Lingxin Hao

Lingxin Hao


PhD, University of Chicago

Mergenthaler 509
On Leave - Fall 2020
Curriculum Vitae

I am Professor of Sociology, Johns Hopkins University. My areas of interest are social inequality, migration, family and public policy, sociology of education, and quantitative and computational methods. My research tests hypotheses developed from sociological theories using advanced methodology and national longitudinal survey data. I received a Bachelor's in English at South China Normal University and a Master's in Sociology at Sun Yat-sen University, both in China, and a PhD in Sociology in 1990 from the University of Chicago. I was a postdoc fellow at RAND's Labor and Population Program, and Assistant and Associate Professor at the Department of Sociology, University of Iowa. I have been in the Sociology Department at Hopkins since 1996.

My research areas include social inequality, migration, family and public policy, sociology of education, and quantitative and computational methods. I have examined topics such as poverty, income, consumption, wealth, and health inequality among families and individuals as well as academic, cognitive, social-emotional, and behavioral development of children in the United States. I have extended this line of research from the US to China. My conceptual approach is to seek the causal factors from social structure, policy context, and physical environment and the causal processes at the macro, meso, and micro levels. I address research questions by testing theory-derived hypotheses using advanced quantitative and computational methodology and large-scale, nationally representative, repeated cross-sectional or panel survey data as well as administrative and big data. Below, I describe my current projects.

  1. Wealth and Educational Inequality in the United States

Building on my previous work on wealth inequality (Hao, 1996 Social Forces paper; 2004 International Migration Review paper, 2007 book Color Lines, Country Lines), my current project on wealth and educational inequality examines the role of educational debt burden in the persistent racial and ethnic wealth gap and differences between native- and foreign-born Americans. The substantial Black-White wealth gap has persisted over generations; the large Hispanic-White wealth gap has continued over the past decades with a sharp rise during the last recession. Given the college education premium in the growing knowledge economy and the rising cost of a college degree, educational debt burden reflects the key processes of the intergenerational wealth constraint on the ability to pay for college education, the eligibility for student loans, and the ability to repay the loans after completing or dropping out of college. The longer the repayment process, the harder it is to accumulate wealth. This project utilizes data from the Survey of Income and Program Participation (SIPP) 2014 and 2018 panels and sophisticated modeling.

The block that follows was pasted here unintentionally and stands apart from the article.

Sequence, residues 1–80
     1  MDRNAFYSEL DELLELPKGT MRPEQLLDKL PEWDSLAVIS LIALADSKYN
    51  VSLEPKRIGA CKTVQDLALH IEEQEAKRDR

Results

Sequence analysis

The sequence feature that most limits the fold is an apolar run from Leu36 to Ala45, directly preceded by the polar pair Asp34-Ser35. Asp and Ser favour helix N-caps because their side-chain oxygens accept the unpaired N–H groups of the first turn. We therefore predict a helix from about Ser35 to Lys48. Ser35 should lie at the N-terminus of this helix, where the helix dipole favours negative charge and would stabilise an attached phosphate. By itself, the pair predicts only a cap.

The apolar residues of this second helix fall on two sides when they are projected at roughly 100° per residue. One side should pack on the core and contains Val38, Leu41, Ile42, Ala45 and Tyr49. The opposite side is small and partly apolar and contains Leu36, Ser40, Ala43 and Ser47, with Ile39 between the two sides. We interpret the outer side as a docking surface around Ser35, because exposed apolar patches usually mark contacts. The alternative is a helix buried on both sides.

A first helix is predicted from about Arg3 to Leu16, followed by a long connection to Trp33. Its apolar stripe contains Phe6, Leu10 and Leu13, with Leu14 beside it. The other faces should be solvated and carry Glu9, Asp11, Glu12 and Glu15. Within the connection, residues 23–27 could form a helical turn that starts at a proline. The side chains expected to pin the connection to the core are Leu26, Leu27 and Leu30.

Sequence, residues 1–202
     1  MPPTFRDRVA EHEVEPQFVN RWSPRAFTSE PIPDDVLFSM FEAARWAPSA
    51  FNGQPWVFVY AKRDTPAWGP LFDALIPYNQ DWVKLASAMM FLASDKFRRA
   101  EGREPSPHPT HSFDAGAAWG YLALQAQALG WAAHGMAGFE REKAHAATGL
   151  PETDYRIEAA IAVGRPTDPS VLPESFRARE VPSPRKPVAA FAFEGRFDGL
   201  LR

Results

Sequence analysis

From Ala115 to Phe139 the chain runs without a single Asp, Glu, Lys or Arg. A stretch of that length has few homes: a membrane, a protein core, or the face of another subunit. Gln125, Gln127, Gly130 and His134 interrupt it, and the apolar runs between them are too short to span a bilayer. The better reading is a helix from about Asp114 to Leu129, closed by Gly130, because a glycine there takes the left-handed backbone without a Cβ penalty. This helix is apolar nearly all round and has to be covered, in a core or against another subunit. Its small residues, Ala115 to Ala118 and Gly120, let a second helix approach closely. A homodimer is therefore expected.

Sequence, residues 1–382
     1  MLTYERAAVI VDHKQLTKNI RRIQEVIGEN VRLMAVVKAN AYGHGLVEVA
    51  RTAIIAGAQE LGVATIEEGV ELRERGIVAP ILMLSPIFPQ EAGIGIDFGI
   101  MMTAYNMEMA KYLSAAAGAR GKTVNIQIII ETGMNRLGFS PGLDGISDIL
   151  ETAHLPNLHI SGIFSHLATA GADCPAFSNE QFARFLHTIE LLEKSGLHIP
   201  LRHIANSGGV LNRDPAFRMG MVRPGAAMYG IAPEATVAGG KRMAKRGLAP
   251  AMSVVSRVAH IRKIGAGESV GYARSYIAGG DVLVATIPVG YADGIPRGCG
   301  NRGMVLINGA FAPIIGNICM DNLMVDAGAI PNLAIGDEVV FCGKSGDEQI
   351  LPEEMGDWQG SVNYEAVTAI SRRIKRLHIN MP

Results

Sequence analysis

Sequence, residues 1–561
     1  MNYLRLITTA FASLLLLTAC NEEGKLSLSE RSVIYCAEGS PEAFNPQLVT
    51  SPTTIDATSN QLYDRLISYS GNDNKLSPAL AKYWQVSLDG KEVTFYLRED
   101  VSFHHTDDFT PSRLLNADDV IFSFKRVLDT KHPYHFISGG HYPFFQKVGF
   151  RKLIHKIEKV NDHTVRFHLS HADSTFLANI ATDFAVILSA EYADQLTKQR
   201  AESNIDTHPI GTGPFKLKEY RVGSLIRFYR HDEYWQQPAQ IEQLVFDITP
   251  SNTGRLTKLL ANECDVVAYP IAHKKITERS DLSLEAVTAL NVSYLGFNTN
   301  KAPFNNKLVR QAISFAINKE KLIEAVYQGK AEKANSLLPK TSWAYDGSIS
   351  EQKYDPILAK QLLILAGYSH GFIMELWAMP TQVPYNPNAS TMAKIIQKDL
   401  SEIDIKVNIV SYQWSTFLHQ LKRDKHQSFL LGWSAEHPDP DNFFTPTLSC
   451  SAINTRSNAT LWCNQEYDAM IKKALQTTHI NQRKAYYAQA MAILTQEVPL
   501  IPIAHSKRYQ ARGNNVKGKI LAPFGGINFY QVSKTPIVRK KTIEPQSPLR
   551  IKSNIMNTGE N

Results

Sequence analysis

1. Inequality in employment relations and consequences for life chances in the United States

Expanding my previous research on employment inequality (Hao & Brinton 1997 American Journal of Sociology paper; Hao et al., 2004 Journal of Policy Analysis and Management paper; Hao 2013 Journal of Ethnic and Migration Studies paper), my current NSF-funded research (2020-2023) examines the inequality in job mobility and consequences for life chances. This collaborative project encompassing sociology, economics and applied mathematics aims to understand the underlying structural forces of the transforming employment relations in the knowledge-based, service-heavy, and globalized labor market. Research questions include: What are the latent clusters of granular occupations and industries characterizing jobs that differentially shape the precarity of jobs at both ends of workers’ skills? Whether and how immigrants displace native-born workers via internal migration and job mobility? Our interdisciplinary team is developing graph-theory principled inferential network modeling for massive employment relations that will detect latent network structures on the worker-side and the job-side of the two-sided labor market. The data sources include large-scale panel surveys such as Current Population Survey (CPS) over 12 months, Survey of Income and Program Participation (SIPP) over 48 months, and the administrative-based population-wide data, the Longitudinal Employer-Household Dynamics (LEHD) over 80 quarters.

  1. Social Inequality Factors and COVID-19 Outcomes

My previous studies on population health (Hao & Johnson Research on Aging paper; Hao & Kim, International Migration Review paper; and collaborative research on health 2018, 2019, 2020) have prepared me to co-lead a project on pre- and during-pandemic social inequality factors and COVID-19 outcomes. As the Director of the Hopkins Population Center, I have worked with the Data Hub team to establish and update a COVID dataset at the county daily level with an emphasis on socioeconomic, demographic, state policy, human mobility, and healthcare and health disparities before and during the COVID-19 course. This study aims to identify whether social, economic, healthcare inequality and policy biases significantly differentiate the COVID-19 burden over the daily pandemic course.

  1. Social Factors and Consequences of Accelerometry Physical Activities

Objective measures of health behaviors such as physical activities via wearable devices are a significant advancement in the study of social factors and consequences of accelerometry physical activities. I have been working with data scientists in the Biostatistics Department to apply data science methods to social science studies of wearable device data. Our first project examines how occupations shape workers’ levels and intensities of physical activities using actigraph data on a nationally representative sample of regular day-time full-time working-age adults during work hours from the National Health and Examination Survey (NHANES).

  1. Housing Reform and Changing Housing Inequality in Urban China